Monday, June 27, 2011



- It's been an interesting Summer for big-screen comedies, with a spate of high-profile, R-rated films hitting the box office - many of them shaking up the usual formula a bit. Bad Teacher follows the lead of Bridesmaides, in that it recasts roles typically given to male comic actors with female leads. Whereas Bridesmaids took a typical, Judd Apatow-style sweet-meets-salty premise and turned it on its ear, with Kristin Wiig filling in for a Seth Rogen or Steve Carell, Bad Teacher takes an idea explored in movies like Bad Santa and School of Rock, but brings in Cameron Diaz to play the part of the proverbial bad role model. It's interesting, because it's a role that set off a great debate about post-feminism in comedy and about whether a movie like Bad Teacher is a step forward or step back for women-in-film. Personally, I like the premise at the core of the movie. Recent articles and editorials have talked at length about how both girls and guys - according to conventional wisdom - are put off by watching women acting rude, crude, awkwardly, and/or behaving badly in general. To me, that's rubbish. If the part is written well, then I'm as happy to see women be dorky, vulgar, or whatever as I am men. That said, Bad Teacher definitely has a self-awareness that its premise is not something we see a lot of. The movie gets a lot of laughs from its shock-value alone. I guess that's why my biggest complaint is that it doesn't go far enough.

Bad Teacher casts Diaz as a woman who's fairly unashamed of her worst qualities. She's lazy and half-assed when it comes to teaching, but aggressive and take-no-prisoners when it comes to using her sexuality to get what she wants. In this case, what she wants to do some gold-digging. After being dumped by her wealthy, sad-sack husband, Diaz has a new pursuit - a dorky-but-loaded trustfunder played by everyone's favorite pop-star-turned-movie-star, Justin Timberlake. In an odd twist of events, Diaz thinks that she can only win Timberlake's affections if she shells out the dough to make herself more, well, well-endowed. And so, Diaz uses every dirty trick in the book to raise the money for a boob job. All the while, she's trying to stave off her uppity rival - a prissy teacher played by Lucy Punch.

Diaz is great in this role - in fact, I think this is the kind of role that she was born to play, but doesn't often get to. Why? Who knows - maybe an actress of Diaz's star power isn't "supposed" to be playing an over-the-top comedy character like she does here? But Diaz has always seemed goofier and crazier than a lot of her peers, and this is a role that takes full advantage of that. It makes you wonder why someone like her is so often stuck playing the personality-less girlfriend or wife role. Lucy Punch is also a great comic foil to Diaz - she walks the line between love-to-hate and, occasionally, flat-out annoying. But, this is definitely a stand-up-and-take-notice sort of performance from Punch. Phyllis Smith from The Office also shows that she has great comic timing and delivery, even when removed from the confines of Dunder-Mifflin. As Diaz's repressed sidekick, she's hilarious.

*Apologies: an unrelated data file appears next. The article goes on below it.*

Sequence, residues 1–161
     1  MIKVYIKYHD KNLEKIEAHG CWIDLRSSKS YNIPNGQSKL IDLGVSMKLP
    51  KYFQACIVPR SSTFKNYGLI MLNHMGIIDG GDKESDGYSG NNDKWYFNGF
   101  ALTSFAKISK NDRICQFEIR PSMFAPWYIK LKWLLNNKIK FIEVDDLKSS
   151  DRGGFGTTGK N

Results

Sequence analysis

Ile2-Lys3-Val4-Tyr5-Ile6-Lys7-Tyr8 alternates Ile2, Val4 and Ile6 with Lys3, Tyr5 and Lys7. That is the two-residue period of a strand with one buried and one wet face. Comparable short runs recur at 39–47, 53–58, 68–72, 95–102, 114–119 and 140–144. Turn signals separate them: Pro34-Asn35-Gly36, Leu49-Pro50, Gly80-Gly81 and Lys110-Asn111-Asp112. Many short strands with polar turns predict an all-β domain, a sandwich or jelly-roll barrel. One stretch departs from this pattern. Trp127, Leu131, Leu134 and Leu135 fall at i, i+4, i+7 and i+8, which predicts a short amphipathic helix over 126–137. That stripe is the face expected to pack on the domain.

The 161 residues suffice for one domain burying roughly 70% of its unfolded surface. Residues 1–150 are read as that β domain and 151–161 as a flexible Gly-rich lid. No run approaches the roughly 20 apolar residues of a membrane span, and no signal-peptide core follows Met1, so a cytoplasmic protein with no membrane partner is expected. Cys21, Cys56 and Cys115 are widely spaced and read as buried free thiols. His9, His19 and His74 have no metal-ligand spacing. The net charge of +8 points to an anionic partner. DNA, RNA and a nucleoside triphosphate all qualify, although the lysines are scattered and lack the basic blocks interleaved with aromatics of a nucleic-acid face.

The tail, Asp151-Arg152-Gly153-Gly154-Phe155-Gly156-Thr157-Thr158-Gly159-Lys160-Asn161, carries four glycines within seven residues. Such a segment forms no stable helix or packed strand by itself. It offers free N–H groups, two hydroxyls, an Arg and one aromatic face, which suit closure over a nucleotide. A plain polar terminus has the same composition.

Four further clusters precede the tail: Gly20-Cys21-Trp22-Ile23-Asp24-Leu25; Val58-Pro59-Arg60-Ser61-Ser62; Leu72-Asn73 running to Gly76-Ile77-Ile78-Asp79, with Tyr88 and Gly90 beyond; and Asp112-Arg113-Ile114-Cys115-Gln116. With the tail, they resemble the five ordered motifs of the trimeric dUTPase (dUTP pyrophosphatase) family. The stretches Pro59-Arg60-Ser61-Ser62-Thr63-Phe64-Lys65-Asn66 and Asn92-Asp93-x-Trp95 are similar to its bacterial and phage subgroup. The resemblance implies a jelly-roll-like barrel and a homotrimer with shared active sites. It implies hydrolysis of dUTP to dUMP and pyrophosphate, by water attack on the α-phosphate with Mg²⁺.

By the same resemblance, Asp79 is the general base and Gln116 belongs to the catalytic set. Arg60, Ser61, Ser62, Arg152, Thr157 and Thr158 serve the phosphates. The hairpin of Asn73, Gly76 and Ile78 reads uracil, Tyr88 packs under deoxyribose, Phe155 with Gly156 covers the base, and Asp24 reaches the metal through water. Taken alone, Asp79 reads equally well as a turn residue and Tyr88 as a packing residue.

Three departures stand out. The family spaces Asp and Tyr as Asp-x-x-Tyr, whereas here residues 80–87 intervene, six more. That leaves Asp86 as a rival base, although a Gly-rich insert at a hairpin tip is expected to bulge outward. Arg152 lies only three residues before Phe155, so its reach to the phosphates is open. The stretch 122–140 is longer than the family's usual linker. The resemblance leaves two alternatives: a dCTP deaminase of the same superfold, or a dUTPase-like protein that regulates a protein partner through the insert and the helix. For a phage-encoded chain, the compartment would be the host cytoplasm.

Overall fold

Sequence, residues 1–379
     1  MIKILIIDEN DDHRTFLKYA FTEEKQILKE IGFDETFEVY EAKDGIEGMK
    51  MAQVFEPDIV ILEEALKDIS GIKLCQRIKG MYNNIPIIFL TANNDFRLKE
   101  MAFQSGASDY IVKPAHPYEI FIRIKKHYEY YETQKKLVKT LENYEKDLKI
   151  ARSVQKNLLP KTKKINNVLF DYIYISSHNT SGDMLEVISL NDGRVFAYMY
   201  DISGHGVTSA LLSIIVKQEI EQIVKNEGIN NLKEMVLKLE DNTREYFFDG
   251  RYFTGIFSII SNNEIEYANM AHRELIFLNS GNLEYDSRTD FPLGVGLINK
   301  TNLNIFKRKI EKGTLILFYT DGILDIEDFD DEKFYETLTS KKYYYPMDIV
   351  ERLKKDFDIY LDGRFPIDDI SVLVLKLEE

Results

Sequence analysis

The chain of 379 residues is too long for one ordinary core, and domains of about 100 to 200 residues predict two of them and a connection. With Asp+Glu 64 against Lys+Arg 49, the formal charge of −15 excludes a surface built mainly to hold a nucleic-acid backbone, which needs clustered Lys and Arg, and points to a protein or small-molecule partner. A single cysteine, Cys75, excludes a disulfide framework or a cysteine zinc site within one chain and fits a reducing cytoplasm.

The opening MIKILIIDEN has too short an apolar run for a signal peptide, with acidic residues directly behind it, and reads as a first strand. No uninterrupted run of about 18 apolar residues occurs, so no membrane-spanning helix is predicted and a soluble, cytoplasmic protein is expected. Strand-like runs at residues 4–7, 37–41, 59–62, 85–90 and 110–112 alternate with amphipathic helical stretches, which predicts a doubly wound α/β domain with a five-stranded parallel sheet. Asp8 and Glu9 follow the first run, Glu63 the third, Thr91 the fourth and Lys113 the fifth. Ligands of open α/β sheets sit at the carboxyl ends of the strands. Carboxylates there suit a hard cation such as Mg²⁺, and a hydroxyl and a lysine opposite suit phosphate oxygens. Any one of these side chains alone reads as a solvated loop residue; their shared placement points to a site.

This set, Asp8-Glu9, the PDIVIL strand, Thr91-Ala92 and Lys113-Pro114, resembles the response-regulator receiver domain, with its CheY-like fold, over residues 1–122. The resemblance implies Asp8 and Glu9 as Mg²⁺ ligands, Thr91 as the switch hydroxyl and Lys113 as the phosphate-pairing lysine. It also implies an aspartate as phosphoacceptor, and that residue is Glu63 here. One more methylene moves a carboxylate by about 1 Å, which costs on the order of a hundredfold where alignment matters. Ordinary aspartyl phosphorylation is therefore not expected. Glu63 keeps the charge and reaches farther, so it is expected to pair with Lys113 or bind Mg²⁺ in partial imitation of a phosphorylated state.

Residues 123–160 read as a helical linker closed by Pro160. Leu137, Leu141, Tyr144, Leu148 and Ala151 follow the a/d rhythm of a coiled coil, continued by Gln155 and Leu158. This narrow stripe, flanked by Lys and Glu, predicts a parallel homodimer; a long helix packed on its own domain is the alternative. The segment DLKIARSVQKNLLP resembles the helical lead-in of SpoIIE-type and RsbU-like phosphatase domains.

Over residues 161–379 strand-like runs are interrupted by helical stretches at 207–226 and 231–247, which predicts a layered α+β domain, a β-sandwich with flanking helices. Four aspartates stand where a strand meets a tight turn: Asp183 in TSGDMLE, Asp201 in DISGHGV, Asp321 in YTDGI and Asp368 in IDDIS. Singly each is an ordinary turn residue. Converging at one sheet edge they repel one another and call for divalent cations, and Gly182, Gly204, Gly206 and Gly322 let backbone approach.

Unfortunately, the movie's main male characters are a lot less well-drawn than their female counterparts (rare, I know). Justin Timberlake's character has some funny moments, but he's also sort of a mess. You never quite get who this character is supposed to be, or why Diaz is so fixated on him at the exclusion of all other potential suitors. Meanwhile, Timberlake playing an eccentric, goofy dork is a bit much - his performance feels too much like him playing dress-up for an SNL sketch, and not enough like a fully-realized character. At the same time, Jason Segel feels a bit wasted in the movie. As always, he plays a likable schlub - but he gets little screentime and almost no believable opportunities to show chemistry with Diaz. Why do their characters fall for each other? Who knows.

And that brings me to my chief critique of the movie. It's a little bit dark, a little bit twisted. But ... it doesn't go nearly far enough. The movie is at its best when it's being totally subversive (I cracked up, for example, when Diaz grades her students' crappy papers with - instead of letter grades - marks of "Are you %$&#'ing kidding me?", etc.). But somehow, the characters keep getting pulled out of the darker, more memorable movie that moments like this represent, and into a much more standard, paint-by-numbers comedy that (not-really-a-SPOILER) has Diaz and Segel getting together, well, just because that's what happens in movies.

I would have liked to have seen Bad Teacher go to as dark a place as, say, Bad Santa, but it only flirts with that level of depth. That said, there are a number of moments - as mentioned, particularly those with Diaz in the classroom, in full "bad teacher" mode - that are genuinely inspired and darkly hilarious. As is, Bad Teacher could have been something really great. I mean, the premise alone is so simple-yet-novel that you can't help but like it. But the movie's potential is kept in check by some script and casting issues that hold it back from being as good as it could be. Still, this one is worth checking out - it has enough laughs that it should send you home happy. And as far as the potential it opens up for more comedies with female leads every bit as crazy, smart-assed, or vulgar as their male counterparts? I say bring 'em on.

My Grade: B

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